core-needle and open surgical breast biopsy.

II. The Key Questions
The Key Questions (KQs) and study selection criteria (population, intervention, comparator,
outcome, timing, and setting; PICOTS) for this update began with those specified in the original
report. On the basis of input from clinical experts during the development of this protocol, we
have made selected revisions to the KQs and study eligibility criteria to clarify the focus of the
updated systematic review.
Published online: September 20, 2013



What factors associated with the procedure itself influence the test performance of different types of core-needle breast biopsy when compared with open biopsy for diagnosis of a breast abnormality? Published online: September 20. physical examination. availability. or screening mammography. due to BRCA mutations) will therefore be included. What factors associated with the procedure itself influence the harms of core-needle breast biopsy when compared with the open biopsy technique in the diagnosis of a breast abnormality? c.g. Studies carried out in women at high baseline risk of breast cancer (e. 2013   3   . Source: www. What clinician and facility factors influence the harms of core-needle breast biopsy when compared with the open biopsy technique in the diagnosis of a breast abnormality? Question 3 How do open biopsy and various core-needle techniques differ in terms of patient preference. what is the test performance of different types of core-needle breast biopsy when compared with open biopsy for diagnosis? a.effectivehealthcare. availability of qualified pathologist interpretations. What factors associated with the patient and her breast abnormality influence the test performance of different types of core-needle breast biopsy when compared with open biopsy for diagnosis of a breast abnormality? b.. What factors associated with the patient and her breast abnormality influence the harms of core-needle breast biopsy when compared with the open biopsy technique in the diagnosis of a breast abnormality? b. what are the harms associated with different types of core-needle breast biopsy when compared with open biopsy for diagnosis? a. and other factors that may influence choice of a particular technique? Study Eligibility Criteria ● Population The population for all KQs is women who have been referred for biopsy for the diagnosis of primary breast cancer (including multifocal and bilateral disease) following self-examination.ahrq.The following three KQs will be addressed in the review: Question 1 In women with a palpable or nonpalpable breast abnormality. costs. What clinician and facility factors influence the test performance of core-needle breast biopsy when compared with open biopsy for diagnosis of a breast abnormality? Question 2 In women with a palpable or nonpalpable breast abnormality.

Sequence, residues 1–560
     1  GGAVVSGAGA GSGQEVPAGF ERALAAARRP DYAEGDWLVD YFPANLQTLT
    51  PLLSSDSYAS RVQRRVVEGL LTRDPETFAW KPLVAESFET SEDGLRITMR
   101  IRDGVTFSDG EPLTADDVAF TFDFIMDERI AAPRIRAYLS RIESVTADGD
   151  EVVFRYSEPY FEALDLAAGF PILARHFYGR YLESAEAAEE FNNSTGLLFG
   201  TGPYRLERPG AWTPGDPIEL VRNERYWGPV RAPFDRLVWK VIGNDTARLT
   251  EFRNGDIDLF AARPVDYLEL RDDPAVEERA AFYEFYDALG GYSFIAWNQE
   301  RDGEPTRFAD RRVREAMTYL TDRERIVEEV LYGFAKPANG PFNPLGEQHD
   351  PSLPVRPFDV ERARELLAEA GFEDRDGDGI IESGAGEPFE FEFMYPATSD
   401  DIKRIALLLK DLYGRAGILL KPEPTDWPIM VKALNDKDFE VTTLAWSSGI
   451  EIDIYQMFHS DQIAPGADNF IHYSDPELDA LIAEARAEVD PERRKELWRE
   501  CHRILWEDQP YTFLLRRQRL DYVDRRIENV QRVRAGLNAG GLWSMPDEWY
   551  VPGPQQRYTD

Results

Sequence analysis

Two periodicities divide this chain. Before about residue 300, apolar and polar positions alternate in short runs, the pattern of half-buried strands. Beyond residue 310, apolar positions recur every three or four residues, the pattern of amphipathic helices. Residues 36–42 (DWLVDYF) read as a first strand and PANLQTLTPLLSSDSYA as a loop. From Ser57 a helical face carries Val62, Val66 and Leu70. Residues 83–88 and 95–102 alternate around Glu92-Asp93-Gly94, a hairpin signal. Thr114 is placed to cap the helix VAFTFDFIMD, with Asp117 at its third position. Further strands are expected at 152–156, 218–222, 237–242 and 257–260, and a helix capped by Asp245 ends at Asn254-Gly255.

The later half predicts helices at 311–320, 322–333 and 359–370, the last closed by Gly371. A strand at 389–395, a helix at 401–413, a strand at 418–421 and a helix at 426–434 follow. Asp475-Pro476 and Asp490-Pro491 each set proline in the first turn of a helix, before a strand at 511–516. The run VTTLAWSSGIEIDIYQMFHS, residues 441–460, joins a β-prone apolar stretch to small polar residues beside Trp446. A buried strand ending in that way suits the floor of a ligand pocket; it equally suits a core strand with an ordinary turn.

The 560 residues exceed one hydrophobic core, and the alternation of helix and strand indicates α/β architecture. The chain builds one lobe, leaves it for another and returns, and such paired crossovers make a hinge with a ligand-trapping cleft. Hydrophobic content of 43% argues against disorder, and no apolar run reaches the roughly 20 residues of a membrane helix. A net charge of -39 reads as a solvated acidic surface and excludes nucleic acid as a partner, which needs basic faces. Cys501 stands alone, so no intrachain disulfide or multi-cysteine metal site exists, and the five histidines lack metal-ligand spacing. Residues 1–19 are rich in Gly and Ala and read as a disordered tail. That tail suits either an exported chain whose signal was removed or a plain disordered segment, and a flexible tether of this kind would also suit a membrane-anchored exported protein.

In effect. this will be a de novo review with respect to this population 4   Published online: September 20.effectivehealthcare.c For harms and patient-relevant outcomes (outcomes other than diagnostic performance. test performance outcomes.a ● Interventions For all KQs. ultrasound to locate the breast lesion.ahrq. is used mainly in this subset of patients. stereotactic mammography vs. Other uses of biopsy techniques (e.. which has been identified as a topic of interest for the updated review. o Followup by clinical examination and/or mammography for at least 6 months o Alternative core-needle biopsy methods (e..” c That is.b The comparative diagnostic performance of alternative coreneedle biopsy techniques is also of interest. The diagnostic performance of each core biopsy technique (each index test) will be quantified versus the reference standard. 2013   . The reference standard is used in their definition and is not a “comparator test. For this reason. magnetic resonance imaging (MRI)-guided biopsy. use of biopsy to examine the sentinel lymph nodes in women with an established diagnosis of breast cancer) are excluded. Source: www. ● Comparators (reference standard and comparator index tests) For test performance outcomes (KQ 1) the reference standard is either open surgical biopsy or followup by clinical examination and/or mammography for at least 6 months. differences or ratios of sensitivities and of specificities between alternative core-needle biopsy techniques. Sensitivity and specificity are probabilities conditional on true disease status and are noncomparative in nature.   b Most assessments of diagnostic performance quantify the sensitivity and the specificity of each index test—here each core-needle biopsy technique.g. nonuse of vacuum assistance to extract tissue samples) ● Outcomes o For KQ 1. we decided to broaden the scope of the review to cover women at high risk for cancer. as assessed by the following measures: Sensitivity (proportion of cancerous tumors detected by the reference standard that are also detected by core-needle biopsy)  False-negative rate (proportion of negative findings according to core-needle biopsy that are classified as positive by the reference standard)  The underestimation rate for atypical ductal hyperplasia (ADH. the intervention is a core-needle biopsy done to evaluate whether a breast lesion is malignant.however studies carried out in women who have been previously diagnosed with breast cancer and are being examined for recurrence will be excluded. proportion of core needle biopsy findings of ADH that are found to be malignant according to the reference standard)  The underestimation rate for DCIS (proportion of core-needle biopsy findings of DCIS that are found to be invasive according to the reference standard)                                                                                                                          a  The original review excluded studies carried out in women at high risk of breast cancer. use vs. following extensive discussions with the TEP. however.g. KQs 2 and 3) the comparators are: o Open surgical biopsy.